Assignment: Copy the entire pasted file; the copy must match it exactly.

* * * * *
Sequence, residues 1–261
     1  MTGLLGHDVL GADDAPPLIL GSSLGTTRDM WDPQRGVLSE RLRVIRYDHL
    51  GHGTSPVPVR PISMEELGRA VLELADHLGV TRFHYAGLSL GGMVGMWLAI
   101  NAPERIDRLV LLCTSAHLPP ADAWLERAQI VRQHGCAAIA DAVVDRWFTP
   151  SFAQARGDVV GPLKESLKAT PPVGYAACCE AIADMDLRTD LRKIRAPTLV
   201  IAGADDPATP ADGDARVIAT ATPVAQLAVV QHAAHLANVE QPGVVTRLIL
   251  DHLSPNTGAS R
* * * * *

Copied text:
Sequence, residues 1–261
     1  MTGLLGHDVL GADDAPPLIL GSSLGTTRDM WDPQRGVLSE RLRVIRYDHL
    51  GHGTSPVPVR PISMEELGRA VLELADHLGV TRFHYAGLSL GGMVGMWLAI
   101  NAPERIDRLV LLCTSAHLPP ADAWLERAQI VRQHGCAAIA DAVVDRWFTP
   151  SFAQARGDVV GPLKESLKAT PPVGYAACCE AIADMDLRTD LRKIRAPTLV
   201  IAGADDPATP ADGDARVIAT ATPVAQLAVV QHAAHLANVE QPGVVTRLIL
   251  DHLSPNTGAS R